What are quantifiers? (the `+` and `{14,16}`)

Not quite… If we exchange the “minlength & maxlength” attributes for {3,15}, then yes, the form will not allow you to submit, and you will be required to match the correct format, but it will allow you to type as many characters as you want into the text field. If you leave the “minlength” & “maxlength” attributes, then the field does not allow more than 15 characters to be typed into the field.

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Hello, As we make the password required how do we make it have at least one uppercase character and a symbol. Also, how do we allow “[a-zA-Z0-9]+” to accept characters as well?

I am also confused by this. Why is the “+” necessary?

In this section, should we remove the required minlength="3" maxlength="15" and replace it with <input id="username" name="username" type="text" required pattern="[a-zA-Z0-9]{3,15}+"> ?

The same questions have already been responded in the thread.
+ means you have to input one or more characters.
@css7427613763 explained your other question pretty well. Removing min and max attributes will remove the limit of characters and instead will allow you to type in as many as you want, even though it still won’t let you submit it if you have {3,15} and the characters exceed 15.

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Blockquote I’m not sure what would happen if you didn’t include anything after the class definition e.g. just [a-zA-Z0-9] . Why don’t you try it out and see what happens? I’m finding that I’m learning a lot by testing code using trial and error. I’ll try it out too and get back to you with my discovery. If neither of us can work it out, then maybe @mtf can clarify :wink:

I ran a few tests and if we leave it without the “+” it only accepts one character.

In the example [0-9]{14,16} it works because we define that it must match at least 14 digits and 16 digits maximum.

If it wasn’t for it, only one character would be accepted (regardless of repetition, I tried entering “A1” and it wasn’t accepted), that is why we would need the “+” sign.

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Exactly what I ended up discovering :smiley:

Please share with us what you have learned along these lines.

Nothing new. I just wanted to confirm @methodrunner97513’s findings tie in with what I discovered back in February (the link in my post references back to that).

@el_escandalo I don’t know if you guys still have a doubt, but for any future users: as far as I understand, the ‘+’ just means ‘however many times’. So /a+/ means that it will match any number of a’s between 1 and infinite — hence {1, }, where the empty spot signifies ‘infinite’.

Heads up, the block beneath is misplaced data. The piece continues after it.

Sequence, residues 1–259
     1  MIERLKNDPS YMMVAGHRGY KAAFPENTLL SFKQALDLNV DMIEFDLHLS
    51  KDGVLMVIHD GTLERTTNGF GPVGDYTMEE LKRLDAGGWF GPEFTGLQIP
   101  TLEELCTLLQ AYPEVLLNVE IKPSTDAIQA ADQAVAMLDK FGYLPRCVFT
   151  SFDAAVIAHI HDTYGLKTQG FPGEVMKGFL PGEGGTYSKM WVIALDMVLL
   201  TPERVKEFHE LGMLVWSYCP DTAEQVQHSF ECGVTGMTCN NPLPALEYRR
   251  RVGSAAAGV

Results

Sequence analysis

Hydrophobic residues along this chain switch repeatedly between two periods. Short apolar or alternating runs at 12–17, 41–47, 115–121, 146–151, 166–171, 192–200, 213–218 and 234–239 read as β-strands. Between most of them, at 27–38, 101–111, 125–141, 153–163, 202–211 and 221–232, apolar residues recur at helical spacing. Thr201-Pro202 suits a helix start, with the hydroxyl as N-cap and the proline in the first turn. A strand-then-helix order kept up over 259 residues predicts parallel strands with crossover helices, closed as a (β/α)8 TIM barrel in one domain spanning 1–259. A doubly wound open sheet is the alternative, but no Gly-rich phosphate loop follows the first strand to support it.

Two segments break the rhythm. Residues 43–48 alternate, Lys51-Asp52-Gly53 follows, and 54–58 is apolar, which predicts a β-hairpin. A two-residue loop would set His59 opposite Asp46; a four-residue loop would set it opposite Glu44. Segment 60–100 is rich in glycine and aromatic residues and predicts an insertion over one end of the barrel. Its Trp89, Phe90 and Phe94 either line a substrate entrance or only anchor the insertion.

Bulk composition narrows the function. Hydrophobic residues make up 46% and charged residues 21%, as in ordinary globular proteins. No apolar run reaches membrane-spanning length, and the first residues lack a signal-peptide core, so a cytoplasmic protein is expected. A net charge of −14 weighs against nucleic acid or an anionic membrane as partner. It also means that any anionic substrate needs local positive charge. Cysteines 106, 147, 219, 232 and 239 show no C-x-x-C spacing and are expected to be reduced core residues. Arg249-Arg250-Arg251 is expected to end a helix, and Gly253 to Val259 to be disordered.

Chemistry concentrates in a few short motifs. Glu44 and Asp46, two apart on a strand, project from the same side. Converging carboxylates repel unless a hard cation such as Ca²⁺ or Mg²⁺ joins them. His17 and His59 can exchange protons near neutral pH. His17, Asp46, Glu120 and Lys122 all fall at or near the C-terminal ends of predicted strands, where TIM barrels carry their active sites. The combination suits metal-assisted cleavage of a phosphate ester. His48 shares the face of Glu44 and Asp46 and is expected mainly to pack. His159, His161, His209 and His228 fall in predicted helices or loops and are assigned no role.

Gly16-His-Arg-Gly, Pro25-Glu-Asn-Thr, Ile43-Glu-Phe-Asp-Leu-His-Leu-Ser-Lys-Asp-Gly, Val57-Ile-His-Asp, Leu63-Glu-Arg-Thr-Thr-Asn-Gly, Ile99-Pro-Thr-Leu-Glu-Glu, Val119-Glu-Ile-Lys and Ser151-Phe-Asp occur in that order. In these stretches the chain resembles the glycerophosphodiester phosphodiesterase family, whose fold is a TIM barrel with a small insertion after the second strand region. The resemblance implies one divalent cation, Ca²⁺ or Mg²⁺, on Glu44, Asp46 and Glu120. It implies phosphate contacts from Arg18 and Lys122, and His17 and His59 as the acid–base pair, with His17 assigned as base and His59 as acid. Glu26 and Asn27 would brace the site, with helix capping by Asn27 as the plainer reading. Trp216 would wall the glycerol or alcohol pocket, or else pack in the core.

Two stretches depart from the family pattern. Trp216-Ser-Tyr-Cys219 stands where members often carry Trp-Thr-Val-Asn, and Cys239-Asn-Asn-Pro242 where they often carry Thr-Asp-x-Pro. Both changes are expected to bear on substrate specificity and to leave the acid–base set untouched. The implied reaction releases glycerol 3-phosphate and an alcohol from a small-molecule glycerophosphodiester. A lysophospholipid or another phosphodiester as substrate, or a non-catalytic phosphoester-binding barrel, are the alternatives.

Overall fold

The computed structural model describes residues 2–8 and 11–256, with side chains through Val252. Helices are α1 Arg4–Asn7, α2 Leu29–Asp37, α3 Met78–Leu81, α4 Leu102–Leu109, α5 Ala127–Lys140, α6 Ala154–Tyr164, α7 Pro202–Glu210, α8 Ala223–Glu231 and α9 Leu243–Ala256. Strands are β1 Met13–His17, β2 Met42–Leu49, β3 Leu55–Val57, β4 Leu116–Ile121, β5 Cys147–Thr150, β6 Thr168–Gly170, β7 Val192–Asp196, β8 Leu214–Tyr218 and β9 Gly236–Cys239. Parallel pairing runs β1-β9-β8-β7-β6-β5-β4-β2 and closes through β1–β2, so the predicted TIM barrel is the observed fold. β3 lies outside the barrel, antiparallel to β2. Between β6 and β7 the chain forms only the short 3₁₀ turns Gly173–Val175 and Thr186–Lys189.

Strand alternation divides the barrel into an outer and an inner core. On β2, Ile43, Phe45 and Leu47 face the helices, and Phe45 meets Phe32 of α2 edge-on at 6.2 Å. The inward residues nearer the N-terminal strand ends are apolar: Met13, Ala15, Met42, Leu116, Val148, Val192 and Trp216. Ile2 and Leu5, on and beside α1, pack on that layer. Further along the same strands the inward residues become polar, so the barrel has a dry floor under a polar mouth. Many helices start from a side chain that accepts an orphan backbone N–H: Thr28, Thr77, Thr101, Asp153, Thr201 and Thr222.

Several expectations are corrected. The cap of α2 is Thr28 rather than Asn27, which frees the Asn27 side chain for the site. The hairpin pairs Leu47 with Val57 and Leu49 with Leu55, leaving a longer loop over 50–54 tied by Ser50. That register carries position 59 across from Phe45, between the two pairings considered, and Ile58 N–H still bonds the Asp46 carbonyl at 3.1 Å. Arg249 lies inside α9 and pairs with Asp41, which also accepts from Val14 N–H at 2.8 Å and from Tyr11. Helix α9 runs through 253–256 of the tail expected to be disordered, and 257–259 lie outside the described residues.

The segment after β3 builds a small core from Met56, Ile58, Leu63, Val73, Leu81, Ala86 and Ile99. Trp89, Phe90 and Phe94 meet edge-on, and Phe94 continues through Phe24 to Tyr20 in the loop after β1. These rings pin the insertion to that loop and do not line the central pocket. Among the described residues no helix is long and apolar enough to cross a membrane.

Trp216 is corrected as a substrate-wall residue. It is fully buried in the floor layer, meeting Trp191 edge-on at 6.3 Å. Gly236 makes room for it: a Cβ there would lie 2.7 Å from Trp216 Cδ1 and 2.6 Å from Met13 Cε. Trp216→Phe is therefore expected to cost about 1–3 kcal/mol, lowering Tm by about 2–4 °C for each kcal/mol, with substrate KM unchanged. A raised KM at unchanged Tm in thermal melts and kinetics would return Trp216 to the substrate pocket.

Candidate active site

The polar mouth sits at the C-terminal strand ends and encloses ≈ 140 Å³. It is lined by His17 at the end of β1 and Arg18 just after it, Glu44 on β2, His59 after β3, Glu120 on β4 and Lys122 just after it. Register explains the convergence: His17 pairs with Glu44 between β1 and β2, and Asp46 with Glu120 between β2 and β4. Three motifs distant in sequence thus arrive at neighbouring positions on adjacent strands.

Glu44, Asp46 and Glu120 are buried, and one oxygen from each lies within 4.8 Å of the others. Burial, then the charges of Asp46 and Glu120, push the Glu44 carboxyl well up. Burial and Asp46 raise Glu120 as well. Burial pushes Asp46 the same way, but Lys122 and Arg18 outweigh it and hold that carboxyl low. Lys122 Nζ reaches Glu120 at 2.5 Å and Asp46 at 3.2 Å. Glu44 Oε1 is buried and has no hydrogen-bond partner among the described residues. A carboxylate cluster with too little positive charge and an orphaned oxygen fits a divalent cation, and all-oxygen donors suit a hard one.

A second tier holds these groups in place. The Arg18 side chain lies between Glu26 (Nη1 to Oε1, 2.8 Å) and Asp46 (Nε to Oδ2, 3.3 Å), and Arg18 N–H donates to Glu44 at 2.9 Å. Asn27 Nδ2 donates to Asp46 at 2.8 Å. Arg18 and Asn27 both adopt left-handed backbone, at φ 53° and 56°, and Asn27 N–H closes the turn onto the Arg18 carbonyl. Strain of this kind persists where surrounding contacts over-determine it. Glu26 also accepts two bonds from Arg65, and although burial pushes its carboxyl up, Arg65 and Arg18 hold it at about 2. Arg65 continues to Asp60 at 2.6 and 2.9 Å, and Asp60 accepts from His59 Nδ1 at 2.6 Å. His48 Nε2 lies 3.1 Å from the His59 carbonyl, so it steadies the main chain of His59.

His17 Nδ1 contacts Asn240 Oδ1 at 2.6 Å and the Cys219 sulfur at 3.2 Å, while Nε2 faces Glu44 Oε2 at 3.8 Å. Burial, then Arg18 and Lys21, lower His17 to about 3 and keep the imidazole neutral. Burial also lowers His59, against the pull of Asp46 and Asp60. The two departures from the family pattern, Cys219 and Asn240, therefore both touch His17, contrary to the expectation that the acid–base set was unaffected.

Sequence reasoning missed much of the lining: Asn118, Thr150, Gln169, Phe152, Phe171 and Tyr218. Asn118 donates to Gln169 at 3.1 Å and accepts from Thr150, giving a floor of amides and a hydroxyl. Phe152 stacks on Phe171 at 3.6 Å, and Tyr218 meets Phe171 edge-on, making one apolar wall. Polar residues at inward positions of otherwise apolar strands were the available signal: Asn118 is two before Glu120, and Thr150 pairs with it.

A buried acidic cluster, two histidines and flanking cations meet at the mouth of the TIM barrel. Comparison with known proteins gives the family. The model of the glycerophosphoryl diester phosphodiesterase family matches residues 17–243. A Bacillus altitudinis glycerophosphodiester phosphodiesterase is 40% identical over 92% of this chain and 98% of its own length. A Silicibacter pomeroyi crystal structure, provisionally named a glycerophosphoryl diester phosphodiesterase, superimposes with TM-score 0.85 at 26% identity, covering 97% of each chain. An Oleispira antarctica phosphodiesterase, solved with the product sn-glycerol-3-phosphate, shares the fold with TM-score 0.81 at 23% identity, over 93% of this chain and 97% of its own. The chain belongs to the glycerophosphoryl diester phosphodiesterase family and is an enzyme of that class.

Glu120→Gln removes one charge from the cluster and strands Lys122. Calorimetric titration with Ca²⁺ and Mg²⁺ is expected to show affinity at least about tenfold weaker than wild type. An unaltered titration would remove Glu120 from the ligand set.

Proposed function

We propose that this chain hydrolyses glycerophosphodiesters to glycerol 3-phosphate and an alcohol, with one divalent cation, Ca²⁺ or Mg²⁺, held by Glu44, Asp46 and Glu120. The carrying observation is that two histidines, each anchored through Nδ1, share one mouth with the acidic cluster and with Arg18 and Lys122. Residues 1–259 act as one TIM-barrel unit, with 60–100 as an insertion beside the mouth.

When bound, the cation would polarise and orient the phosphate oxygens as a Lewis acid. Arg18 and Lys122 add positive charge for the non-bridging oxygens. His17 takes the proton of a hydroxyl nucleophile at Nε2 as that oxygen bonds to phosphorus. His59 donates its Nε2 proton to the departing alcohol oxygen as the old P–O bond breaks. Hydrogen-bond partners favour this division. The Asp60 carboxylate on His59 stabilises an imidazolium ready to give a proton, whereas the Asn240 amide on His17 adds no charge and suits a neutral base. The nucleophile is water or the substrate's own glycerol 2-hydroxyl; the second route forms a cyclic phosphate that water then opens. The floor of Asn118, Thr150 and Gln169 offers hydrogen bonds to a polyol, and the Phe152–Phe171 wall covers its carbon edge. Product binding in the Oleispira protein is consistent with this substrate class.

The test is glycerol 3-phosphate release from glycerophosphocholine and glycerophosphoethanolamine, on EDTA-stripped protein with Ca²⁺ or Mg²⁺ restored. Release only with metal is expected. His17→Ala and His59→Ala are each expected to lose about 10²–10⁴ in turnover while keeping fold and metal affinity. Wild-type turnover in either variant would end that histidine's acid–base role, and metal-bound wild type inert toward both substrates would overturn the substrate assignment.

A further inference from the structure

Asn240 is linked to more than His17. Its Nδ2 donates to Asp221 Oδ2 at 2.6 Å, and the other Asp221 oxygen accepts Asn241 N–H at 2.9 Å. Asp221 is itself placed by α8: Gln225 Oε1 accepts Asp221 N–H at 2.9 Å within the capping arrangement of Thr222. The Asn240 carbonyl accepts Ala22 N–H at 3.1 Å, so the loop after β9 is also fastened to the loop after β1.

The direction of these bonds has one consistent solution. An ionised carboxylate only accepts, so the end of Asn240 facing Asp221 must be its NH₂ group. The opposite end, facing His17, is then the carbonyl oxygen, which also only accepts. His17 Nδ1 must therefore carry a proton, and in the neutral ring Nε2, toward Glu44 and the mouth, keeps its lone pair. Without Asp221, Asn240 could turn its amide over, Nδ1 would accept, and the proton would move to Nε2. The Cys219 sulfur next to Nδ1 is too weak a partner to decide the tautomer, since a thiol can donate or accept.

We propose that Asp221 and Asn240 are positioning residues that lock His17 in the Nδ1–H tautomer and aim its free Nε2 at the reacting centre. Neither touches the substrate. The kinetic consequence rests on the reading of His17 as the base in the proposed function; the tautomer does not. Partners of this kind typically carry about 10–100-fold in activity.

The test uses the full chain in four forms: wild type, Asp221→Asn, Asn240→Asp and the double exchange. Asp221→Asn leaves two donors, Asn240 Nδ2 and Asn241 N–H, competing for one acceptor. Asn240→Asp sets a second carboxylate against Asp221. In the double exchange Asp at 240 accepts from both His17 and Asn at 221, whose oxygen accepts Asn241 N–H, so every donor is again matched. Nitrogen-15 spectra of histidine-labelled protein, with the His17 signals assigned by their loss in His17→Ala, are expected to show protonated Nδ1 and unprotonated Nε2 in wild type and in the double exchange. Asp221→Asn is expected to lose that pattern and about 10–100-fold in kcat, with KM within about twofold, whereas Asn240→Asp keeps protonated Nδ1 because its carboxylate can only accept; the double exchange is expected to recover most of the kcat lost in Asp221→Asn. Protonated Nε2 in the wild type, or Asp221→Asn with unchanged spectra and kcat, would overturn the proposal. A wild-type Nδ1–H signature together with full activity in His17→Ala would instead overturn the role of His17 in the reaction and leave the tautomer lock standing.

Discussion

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Hi, just want to extend on your answer.
If we use: [0-9]{14,16},
Then the we can omit the elements: minlength=“14” maxlength=“16”?
Because they seem to do the same thing, right?

Not sure that is something we can write into a pattern, but it is what the quantifiers represent.

From reading through this thread and playing around they are similar but not the same.

minlength
when the minimum length is not met and you click outside the input box then hover your mouse over it you will be prompted to enter the minimum number of characters. If you try to submit you will receive and error message that tells you the minimum number of characters you must enter (and how many you tried to enter).

maxlength
When the maximum number of characters are reached it will not let you enter any more characters. There is no submission error from having too many characters as you simply can’t enter more than the maxlength in this input field in the first place.

pattern="[0-9]{3,8}"
minimum submission is three characters maximum submission is 8 characters. This does not limit how many characters can be input into the field. It only limits what can be submitted.
Any breach of any aspect of the pattern attribute seems to result in the same error message
“please match the requested format”.
Clicking outside the input field and hovering the mouse over the field will bring up the same message as a prompt.

The error message from the pattern attribute seems to overrides that of the minlength error message.

Thus if you have minlength and maxlength set correctly then you should use + or * in the pattern attribute.

Unless including some combination of patterns makes the pattern a better place to set the minimum or maximum length. That’s beyond me at the moment. In this simple format though minlength and maxlength seem to be the better attributes as the feedback is more clear and specific if the user gets it wrong.

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@mtf I have tried a few entries just using three blank spaces as a user name and swapping the quantifier from a + to a * without any errors or changes. There doesn’t seem to be any obvious difference between the two. What am I not considering or testing?

This explanation helped the most thank you!